MB.com: Becoming a professional athlete is not an easily obtainable career. Did you ever try to convince Ryan to choose a career that’s more steady and reliable?


SJ: Ryan has made all of his own decisions. His mother's and my parental job was to provide guidance along the way. I told him he has to keep his options open and always have a plan "B." His mother told him to get an education. The window of opportunity for all professional athletes is so short. Most players who reach the big leagues are around for 3 years or less so you need something else to have a full and productive life. Ironically, Ryan told me when he was 12 years old that he wanted to be a professional baseball player while we were driving to a ball game. Who am I to mess with that vision!


MB.com: What advice do you have for other parents who have children who’d like to become professional baseball players?


SJ: My wife and I encouraged both Ryan and his sister to participate in sports. His sis graduated from Texas A&M and participated in track. However, you can never get enough formal education. If you are selecting a school for your child based on its athletic program, you are doing it for the wrong reason. Athletic prowess will help you obtain a good education. The odds are unbelievable. Every June, 30 teams draft up to 50 players (1500). They may sign 600 of them. That means that 600 players already in the system have to leave or be replaced to make room for the new influx of talent. Baseball America had the odds in one of their publications several years ago.


MB.com: Ryan has made a lot of fans through his journal and playing. What’s something you’d like to tell the fans about your son?


SJ: Jorgy loves computers and excels in math. He enjoys tearing things apart to see how they work. He is meticulous about what he puts in his body, and he works out religiously. He is his own worst critic. No one needs to tell him when he has had a less than stellar game. He believes he is a good poker player, but in fact, he is simply just plain lucky. He loves to laugh and play practical jokes. In college, he used to carry his own brush for cleaning off home plate. Some umpires would laugh about it, and some did not.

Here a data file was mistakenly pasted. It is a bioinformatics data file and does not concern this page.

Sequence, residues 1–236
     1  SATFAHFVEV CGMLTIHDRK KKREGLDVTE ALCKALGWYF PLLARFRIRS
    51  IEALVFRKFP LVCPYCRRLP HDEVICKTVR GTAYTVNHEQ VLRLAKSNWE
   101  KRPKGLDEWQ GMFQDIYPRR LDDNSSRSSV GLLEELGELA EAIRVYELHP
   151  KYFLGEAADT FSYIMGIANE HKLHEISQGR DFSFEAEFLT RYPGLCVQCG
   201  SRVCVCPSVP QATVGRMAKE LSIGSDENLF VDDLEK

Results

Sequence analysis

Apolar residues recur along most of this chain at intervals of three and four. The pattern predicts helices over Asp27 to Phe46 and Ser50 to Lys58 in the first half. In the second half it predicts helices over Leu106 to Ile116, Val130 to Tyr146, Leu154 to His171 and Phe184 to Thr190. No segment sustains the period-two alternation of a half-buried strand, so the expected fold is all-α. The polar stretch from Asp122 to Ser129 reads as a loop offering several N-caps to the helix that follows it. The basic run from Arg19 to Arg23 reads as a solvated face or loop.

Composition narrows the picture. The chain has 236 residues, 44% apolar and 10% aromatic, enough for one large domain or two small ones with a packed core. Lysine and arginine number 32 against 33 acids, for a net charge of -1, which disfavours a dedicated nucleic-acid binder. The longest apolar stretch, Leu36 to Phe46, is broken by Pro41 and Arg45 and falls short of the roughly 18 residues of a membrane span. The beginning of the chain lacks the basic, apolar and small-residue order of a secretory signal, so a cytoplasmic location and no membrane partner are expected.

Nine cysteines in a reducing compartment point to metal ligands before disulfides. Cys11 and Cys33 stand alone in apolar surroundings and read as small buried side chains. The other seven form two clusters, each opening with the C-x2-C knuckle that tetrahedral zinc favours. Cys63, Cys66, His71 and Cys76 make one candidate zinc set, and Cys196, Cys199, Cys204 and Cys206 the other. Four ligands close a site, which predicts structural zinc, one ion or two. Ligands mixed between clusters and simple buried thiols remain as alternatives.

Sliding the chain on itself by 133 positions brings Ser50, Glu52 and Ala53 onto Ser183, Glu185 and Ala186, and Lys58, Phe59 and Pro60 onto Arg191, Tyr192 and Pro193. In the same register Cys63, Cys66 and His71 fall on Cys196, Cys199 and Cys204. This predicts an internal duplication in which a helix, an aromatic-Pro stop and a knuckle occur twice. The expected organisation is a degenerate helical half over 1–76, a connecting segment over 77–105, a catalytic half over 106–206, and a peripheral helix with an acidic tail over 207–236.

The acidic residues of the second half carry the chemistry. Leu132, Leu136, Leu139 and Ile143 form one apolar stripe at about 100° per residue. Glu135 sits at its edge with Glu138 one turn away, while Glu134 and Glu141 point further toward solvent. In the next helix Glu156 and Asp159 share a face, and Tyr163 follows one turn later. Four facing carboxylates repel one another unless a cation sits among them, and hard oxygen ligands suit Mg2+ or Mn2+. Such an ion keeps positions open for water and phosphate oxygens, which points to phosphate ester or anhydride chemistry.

MB.com (User Question by Accord): How old was Ryan when you first realized that he could seriously make a career out of baseball and play it professionally?


SJ: He started drawing attention during his senior year in high school and the Devil Rays (Dan Jennings/Stan Meeks) drafted him in the 29th round I believe. He was fortunate to have caught several first round draft picks while in high school. He played against Josh Beckett in high school, but never caught him until he joined the Marlins. I always knew he had good hands, quick feet, and athleticism, but I saw him make a play at LSU one time that blew my mind. The throw from the right fielder was high and he had to leap in the air to make a one-handed catch. He then proceeded to do a cartwheel in mid air and touch the sliding baserunner with his glove for the out. I saw the replay later in the year which confirmed what I had witnessed, and it was still awesome. His glove was on the ground and the rest of his body was sticking up in the air. As to how old he was when I realized his potential for professional baseball, wow, you're asking a dad who still remembers hitting his son in the face with a baseball when teaching him how to catch a ball in front of his eyes. I'm riding the same wave he is and enjoying it just as much.

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Thank you for taking the time to give us a peek into the Jorgensens' lives.


You are an obvious fan (and student) of the game. Hopefully it will only be a short period of time until you can start visiting Ryan in some Major League parks.


Thank you.